// This is an array of context objects that are used to communicate the
           // state of all client components to Alexa. See Context for details.
        "event": {  
            "header": {  
                "namespace": "System",  
                "name": "SynchronizeState",  
                "messageId": "{{STRING}}"  
            "payload": {  

After synchronizing state, your client should be able to use this connection to:

  • Send events to and receive directives from AVS
  • Receive cloud-initiated directives on the downchannel stream

Maintaining an HTTP/2 Connection

Once you've established a connection, it's important to understand how to manage event streams, the downchannel stream, ping, timeouts, and server-initiated disconnects.

Things to Consider

  • We encourage streaming captured audio to AVS in 10ms chunks at 320 bytes (320 byte DATA frames sent as single units). Larger chunk sizes create unnecessary buffering, which negatively impacts AVS' ability to process audio and may result in higher latencies.

    All captured audio sent to AVS should be encoded as:

    • 16bit Linear PCM (LPCM16)
    • 16kHz sample rate
    • Single channel
    • Little endian byte order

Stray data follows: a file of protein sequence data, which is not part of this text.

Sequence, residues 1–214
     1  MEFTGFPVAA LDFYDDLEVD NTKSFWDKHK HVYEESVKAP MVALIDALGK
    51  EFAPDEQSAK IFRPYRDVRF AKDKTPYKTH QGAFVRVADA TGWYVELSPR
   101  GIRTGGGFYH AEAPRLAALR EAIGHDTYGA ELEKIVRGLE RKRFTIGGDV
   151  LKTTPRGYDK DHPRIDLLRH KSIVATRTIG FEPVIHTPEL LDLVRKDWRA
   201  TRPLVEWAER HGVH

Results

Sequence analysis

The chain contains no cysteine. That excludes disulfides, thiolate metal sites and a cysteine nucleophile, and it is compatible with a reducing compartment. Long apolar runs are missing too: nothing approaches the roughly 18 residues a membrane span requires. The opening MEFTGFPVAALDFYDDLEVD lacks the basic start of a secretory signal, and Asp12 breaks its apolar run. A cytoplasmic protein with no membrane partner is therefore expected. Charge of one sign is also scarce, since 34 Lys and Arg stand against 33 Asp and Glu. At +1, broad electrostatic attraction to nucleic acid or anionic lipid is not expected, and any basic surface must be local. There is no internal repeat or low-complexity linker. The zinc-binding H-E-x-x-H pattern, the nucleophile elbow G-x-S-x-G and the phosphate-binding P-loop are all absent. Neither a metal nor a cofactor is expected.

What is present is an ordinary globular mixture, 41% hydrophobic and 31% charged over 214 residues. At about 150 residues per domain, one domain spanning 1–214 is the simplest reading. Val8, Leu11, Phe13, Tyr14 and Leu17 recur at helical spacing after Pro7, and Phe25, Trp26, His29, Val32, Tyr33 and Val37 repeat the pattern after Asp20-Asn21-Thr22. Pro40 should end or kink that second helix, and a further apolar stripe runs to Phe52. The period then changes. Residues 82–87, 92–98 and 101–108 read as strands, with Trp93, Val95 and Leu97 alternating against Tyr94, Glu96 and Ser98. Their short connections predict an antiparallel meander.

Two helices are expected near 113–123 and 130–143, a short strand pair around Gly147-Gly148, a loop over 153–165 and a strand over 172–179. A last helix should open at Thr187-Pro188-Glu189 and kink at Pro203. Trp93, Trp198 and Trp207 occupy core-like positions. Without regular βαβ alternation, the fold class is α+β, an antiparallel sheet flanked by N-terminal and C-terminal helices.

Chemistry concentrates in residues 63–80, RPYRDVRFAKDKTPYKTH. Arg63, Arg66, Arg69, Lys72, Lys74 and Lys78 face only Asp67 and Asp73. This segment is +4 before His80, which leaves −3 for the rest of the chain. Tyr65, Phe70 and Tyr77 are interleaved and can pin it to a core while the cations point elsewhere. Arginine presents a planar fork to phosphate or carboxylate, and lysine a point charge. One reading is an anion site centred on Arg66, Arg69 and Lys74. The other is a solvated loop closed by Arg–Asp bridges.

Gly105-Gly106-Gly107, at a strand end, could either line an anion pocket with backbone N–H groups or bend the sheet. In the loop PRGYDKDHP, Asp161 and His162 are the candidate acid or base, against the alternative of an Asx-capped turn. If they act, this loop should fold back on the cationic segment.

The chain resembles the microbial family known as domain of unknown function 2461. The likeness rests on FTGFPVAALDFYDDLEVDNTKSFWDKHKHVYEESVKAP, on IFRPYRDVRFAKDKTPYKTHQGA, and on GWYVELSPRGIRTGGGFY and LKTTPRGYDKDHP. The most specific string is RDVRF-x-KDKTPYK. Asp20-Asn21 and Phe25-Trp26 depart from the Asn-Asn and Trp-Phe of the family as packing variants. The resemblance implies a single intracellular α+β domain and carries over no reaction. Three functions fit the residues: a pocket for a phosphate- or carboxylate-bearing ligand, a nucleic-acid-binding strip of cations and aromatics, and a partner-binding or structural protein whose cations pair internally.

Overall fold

For the complete spec, see the SpeechRecognizer Interface.

  • An HTTP2 connection with AVS only supports 10 concurrent streams. This includes event streams, the downchannel, and ping. Please ensure that event streams are being closed as responses are received.

  • Many libraries have a read timeout for how long a client will attempt to read without receiving any data. Since AVS requires a downchannel stream that needs to remain open between AVS and your client for the life of the connection, and this same stream may go prolonged periods without sending any data to your client, it is important that your read timeout is set to at least 60 minutes.

  • If your HTTP2 client has connection pooling or marks connections as idle, it's important to adjust the timeout so the connection is not disrupted (and if it is disrupted to complete the flow described for creating a connection, which includes: re-establishing the downchannel stream and synchronizing state with AVS). We recommend setting the timeout to at least 60 minutes to ensure your connection is not prematurely closed.

Event Stream Lifecycle

Each new event is sent on its own stream. Typically, these streams will close after Alexa Voice Service has returned directives and corresponding audio attachments to your client.

Requests are handled sequentially. Therefore, new requests should be sent after Alexa has started responding to your previous request (once the previous request returns headers).